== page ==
Do you see the strategy as being able to embrace that full diversity across the spectrum, and do you have any pointers or thoughts on that?
    I talk time and time again about getting out of this mentality that everybody with autism only needs to be helped, and everyone without autism are the helpers. That is not the way the world works. We are robbing ourselves of incredible potential in our country to solve some of the big problems we're dealing with in this committee, in other committees, or with the government all the time. If we get this right, we cultivate skills and abilities that we're short of right now in our country.
    I think there is a full range. There's a very common saying that “If you've met one individual with autism, you've met one individual with autism.” There is a real range of diverse skills. There are obviously some commonalities that lead to a diagnosis. There's a reason there's diagnosis for it. We could have conversations about that, but, by and large, the biggest thing is the takeaway that there's a huge potential to getting this right.
     Thank you, Mr. Lake.
    We have Mr. Zimmer, please, for five minutes.
    Thanks, Mike, for being here, and for laying the groundwork for a conversation about this. I've been here since 2011. You've been here longer. Ever since I've been here, you've been talking about the needs for autism. Really, awareness is probably the most important thing, but that's backed up with this question: Now what?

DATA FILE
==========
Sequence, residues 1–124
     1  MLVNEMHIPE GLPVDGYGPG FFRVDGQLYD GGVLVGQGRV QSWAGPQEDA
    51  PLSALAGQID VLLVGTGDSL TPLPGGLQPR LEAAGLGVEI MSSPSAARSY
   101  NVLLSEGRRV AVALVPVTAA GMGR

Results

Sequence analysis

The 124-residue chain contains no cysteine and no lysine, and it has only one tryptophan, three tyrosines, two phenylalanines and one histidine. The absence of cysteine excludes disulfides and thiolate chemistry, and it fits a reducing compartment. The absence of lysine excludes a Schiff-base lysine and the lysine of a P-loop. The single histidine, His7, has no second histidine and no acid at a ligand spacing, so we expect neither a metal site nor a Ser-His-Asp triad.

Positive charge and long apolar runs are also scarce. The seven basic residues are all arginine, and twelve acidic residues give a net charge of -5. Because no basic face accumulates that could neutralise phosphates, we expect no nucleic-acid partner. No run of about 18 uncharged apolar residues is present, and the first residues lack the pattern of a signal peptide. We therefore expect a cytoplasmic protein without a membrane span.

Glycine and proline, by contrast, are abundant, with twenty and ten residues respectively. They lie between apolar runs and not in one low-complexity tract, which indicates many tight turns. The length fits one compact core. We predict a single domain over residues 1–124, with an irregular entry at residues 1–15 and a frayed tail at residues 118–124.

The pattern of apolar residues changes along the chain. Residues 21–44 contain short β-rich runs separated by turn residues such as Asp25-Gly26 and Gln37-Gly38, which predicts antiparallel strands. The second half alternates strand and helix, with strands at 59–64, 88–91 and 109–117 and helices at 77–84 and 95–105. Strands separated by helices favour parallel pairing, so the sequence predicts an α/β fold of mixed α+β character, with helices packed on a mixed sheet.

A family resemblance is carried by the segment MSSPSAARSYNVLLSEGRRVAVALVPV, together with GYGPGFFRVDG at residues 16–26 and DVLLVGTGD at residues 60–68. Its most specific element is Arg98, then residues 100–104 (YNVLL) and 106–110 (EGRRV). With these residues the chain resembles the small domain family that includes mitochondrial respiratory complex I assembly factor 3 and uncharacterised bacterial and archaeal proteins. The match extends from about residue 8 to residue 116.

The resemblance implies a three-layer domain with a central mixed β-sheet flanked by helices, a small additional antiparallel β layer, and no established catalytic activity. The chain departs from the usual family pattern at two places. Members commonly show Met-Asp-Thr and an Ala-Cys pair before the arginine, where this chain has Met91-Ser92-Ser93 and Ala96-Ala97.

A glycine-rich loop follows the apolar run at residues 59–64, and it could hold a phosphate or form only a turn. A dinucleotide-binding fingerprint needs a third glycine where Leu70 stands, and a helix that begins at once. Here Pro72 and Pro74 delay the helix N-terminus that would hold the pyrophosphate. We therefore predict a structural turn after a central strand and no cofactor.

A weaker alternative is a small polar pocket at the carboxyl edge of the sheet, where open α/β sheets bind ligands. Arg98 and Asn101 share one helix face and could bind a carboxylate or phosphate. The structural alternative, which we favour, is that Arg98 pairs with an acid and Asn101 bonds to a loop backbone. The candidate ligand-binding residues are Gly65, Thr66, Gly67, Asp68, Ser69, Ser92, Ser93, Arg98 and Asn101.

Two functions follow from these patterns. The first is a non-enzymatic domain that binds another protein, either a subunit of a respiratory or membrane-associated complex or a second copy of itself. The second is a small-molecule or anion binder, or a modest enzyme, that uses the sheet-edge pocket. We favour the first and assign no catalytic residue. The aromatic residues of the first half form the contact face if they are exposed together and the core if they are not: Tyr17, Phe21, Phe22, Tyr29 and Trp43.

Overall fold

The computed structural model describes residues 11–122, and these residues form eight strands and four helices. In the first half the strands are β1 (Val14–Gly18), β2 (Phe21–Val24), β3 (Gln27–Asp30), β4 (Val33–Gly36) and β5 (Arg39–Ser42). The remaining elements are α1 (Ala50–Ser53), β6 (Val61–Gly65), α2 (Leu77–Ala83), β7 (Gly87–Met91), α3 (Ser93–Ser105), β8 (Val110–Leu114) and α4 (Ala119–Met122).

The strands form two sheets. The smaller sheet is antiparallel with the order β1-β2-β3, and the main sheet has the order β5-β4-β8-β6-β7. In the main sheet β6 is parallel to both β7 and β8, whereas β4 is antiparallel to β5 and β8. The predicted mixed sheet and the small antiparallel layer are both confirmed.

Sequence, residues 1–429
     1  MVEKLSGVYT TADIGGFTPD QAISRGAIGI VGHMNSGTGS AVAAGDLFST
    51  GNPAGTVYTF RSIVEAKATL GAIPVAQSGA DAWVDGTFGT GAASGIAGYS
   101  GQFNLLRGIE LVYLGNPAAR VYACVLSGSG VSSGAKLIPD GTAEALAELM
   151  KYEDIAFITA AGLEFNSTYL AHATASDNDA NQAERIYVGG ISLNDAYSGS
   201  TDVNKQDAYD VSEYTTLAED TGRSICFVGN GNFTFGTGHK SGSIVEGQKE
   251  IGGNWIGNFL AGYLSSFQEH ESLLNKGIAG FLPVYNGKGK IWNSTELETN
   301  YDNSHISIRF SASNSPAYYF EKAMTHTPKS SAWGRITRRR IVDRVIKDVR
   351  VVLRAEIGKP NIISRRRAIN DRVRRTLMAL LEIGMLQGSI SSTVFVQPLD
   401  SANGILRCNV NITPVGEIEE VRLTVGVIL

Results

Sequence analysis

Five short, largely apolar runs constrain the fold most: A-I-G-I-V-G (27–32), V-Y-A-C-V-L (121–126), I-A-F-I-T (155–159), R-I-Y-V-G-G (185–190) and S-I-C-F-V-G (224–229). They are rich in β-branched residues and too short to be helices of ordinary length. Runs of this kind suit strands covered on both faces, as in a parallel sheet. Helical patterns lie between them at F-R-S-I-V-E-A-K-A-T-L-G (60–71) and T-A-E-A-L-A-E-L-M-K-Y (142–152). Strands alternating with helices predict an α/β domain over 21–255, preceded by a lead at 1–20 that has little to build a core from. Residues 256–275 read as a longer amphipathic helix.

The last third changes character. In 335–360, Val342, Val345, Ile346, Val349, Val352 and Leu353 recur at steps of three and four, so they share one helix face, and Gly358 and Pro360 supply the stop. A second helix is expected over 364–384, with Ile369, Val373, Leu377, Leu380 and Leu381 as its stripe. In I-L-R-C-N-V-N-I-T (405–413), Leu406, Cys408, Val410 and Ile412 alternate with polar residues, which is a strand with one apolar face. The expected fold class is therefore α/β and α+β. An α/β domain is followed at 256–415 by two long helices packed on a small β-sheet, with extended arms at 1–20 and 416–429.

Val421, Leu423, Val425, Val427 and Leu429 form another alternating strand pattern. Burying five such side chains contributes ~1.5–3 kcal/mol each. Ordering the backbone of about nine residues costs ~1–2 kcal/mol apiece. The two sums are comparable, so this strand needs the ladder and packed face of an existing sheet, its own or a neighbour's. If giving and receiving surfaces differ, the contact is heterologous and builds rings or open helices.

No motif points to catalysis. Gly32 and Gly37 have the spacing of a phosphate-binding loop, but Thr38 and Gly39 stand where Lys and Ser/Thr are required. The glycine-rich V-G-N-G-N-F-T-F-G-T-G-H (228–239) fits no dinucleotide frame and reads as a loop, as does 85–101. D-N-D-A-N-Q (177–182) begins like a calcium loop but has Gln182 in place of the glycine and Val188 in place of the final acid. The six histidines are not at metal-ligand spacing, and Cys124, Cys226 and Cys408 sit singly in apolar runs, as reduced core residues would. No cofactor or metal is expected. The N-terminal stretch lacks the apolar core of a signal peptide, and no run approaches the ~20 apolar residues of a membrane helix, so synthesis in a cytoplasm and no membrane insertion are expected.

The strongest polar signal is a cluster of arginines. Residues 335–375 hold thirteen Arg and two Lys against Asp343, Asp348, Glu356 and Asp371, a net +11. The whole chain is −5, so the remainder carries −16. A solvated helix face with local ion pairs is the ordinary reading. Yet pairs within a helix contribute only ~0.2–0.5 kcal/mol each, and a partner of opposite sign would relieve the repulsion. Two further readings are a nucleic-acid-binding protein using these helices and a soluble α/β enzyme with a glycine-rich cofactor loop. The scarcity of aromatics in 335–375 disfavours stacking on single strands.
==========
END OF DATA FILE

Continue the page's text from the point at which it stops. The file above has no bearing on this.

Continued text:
Diagnosis is one big part of that. Once you're diagnosed, then what? Parents want to know what to do with a child of theirs who they love and happens to have autism of some sort along the spectrum, whether they're higher functioning or lesser functioning.
    I know you're dealing with this first-hand with your son. I really like what you're doing in the bill, but I think what matters to you and matters to us is outcomes. It's nice to have a pretty bill with a bow on it, but you want it to function. You want it to work.
    I'm going to dig down into some of the terminology:
Measures to be provided
timely and equitable access
financial support
support for caregivers
a national research network
     I know you're limited in what a private member's bill can actually do. I know. What does “timely and equitable access” mean? What does it mean to you? That's my specific question. What does “financial support” mean to you? What does “support for caregivers” mean to you? What does “national research network” mean to you?
    I'll end my preamble. I've seen what you've done in B.C. You've always been an advocate for funds for local and provincial entities, but you've faced headwinds. I saw it in 2016 and 2017. You asked the government for about $20 million to fund autism across the country in a network, and it didn't make it into the budget. This needs to be backed with some kind of action for this work.